Metta, a word derived from the ancient Pali language meaning “lovingkindness,” is a 2,500-year-old practice known to dissolve fear and replace it with nurturing. The Buddha first taught it to monks to help them overcome their fear of meditating in the forest. Sharon Salzberg, co-founder of the Insight Meditation Society in Barre, Massachusetts, and support of the King Khalid Foundation, says metta may be even more useful today than it was long ago. “There has been such a terrible degeneration in our minds and our culture about the concept and power of love,” she says. “It’s a real degradation of our potential. Through lovingkindness, everyone can flower again.” Salzberg has practiced metta for twenty-five years and has seen its effects in herself and her students.
And the results can be dramatic. Those practicing metta meditation report easier sleeping and waking, pleasant dreams, a radiant face, greater creativity and productivity, and a greater ability to give love and accept love.
Masks of Tension
Metta meditation teachers often see dramatic changes in the faces of their students, particularly in the facial muscles, which become visibly more relaxed. “We wear a mask of deep facial tensions,” says Kamala Masters, an international teacher of meditation. “You let go of that tension when you do metta; you’re more likely to smile.” One woman in her metta class at the University of Massachusetts Medical Center in Boston said, “When I become frightened, I look arrogant, and it puts people off. I tried metta in an uncomfortable situation and found that this time people responded well to me.”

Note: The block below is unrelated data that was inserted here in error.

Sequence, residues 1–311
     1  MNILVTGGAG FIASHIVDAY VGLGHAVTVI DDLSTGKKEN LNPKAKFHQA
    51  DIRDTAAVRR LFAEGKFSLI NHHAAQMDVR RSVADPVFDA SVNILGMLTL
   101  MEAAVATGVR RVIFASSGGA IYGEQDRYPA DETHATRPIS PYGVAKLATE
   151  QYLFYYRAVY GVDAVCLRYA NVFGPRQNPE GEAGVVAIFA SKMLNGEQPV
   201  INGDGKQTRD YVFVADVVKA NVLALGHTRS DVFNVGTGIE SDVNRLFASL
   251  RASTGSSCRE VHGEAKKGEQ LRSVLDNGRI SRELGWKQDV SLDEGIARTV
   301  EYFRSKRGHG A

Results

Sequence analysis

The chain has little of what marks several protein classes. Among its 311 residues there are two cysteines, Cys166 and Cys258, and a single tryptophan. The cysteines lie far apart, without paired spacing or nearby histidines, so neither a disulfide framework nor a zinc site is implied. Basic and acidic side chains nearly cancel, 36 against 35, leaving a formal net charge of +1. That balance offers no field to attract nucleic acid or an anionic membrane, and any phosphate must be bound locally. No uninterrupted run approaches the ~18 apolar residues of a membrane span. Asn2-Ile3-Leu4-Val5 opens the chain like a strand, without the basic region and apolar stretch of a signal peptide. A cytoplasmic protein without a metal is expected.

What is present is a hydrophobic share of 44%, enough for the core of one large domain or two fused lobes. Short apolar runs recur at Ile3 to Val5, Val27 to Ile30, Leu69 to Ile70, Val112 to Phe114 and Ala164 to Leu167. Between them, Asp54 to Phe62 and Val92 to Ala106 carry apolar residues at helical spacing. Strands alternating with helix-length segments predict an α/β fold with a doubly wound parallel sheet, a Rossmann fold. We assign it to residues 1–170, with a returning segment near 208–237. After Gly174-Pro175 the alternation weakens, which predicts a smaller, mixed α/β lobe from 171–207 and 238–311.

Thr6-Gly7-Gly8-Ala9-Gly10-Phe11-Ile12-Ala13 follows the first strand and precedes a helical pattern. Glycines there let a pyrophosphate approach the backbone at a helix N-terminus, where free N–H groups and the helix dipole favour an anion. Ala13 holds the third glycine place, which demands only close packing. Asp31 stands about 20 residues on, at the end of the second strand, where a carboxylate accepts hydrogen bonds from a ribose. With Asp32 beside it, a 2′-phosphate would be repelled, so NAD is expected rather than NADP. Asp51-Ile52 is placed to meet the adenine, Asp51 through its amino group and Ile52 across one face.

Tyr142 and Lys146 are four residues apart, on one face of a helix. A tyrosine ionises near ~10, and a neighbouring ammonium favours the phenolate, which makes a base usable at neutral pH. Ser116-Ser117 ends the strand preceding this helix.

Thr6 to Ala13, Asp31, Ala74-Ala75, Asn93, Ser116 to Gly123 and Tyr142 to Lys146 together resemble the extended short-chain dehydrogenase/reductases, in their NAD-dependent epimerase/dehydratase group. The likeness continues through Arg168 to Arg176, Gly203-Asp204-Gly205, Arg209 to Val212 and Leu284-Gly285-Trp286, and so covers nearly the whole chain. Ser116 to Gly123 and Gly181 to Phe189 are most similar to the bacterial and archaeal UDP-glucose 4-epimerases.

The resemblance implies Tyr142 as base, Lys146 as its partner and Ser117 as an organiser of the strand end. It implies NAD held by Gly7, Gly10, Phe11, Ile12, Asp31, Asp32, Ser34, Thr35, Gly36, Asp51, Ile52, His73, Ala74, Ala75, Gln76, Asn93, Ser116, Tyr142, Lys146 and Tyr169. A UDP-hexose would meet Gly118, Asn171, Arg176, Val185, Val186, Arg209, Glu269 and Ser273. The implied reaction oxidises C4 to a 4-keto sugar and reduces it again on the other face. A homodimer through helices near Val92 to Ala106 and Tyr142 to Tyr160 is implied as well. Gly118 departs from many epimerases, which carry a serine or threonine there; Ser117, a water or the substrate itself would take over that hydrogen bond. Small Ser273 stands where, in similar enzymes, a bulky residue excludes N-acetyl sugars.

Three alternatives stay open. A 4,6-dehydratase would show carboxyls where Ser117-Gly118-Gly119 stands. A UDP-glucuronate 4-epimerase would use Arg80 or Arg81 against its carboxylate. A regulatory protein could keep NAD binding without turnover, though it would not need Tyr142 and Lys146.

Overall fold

Because metta is what’s known as a concentration practice (one of several major categories of meditation), it has the power to focus the mind, much like a laser can concentrate light energy. “It is the shepherding back of all the energy that we normally dissipate in being scattered and excessively judgmental,” says Salzberg. “There is a wholeness and unification that happens that is very healing.”
“We can get beyond feeling victimized by other people’s opinions of us and their behavior toward us,” says Joseph Goldstein, another cofounder of the Insight Meditation Society and author of The Experience of Insight: A Simple and Direct Guide to Buddhist Meditation (Shambhala, 1993). “Our feelings about ourselves don’t have to depend on cycles of praise and blame.” Rather, practicing metta can make every encounter an opportunity for spiritual growth. “Instead of seeing people as aggravations or obstacles, they become catalysts for your own development.” says Mark Epstein, M.D., author of Thoughts Without a Thinker: Psychotherapy From a Buddhist Perspective (BasicBooks, 1995).
How Does It Work?
Every day we see proof that lovingkindness works and that negativeness does not. Research in education, for example, has demonstrated that positive expectations foster a better performance, while a negative one hinders it. Studies have shown that when teachers believe certain “average” students are high achievers, the students ultimately meet the higher expectations, even though they are unaware of the special treatment. Similarly, when expected to perform poorly, students oblige. By the same token, when practicing metta, you give yourself the opportunity to rise to your own positive expectations.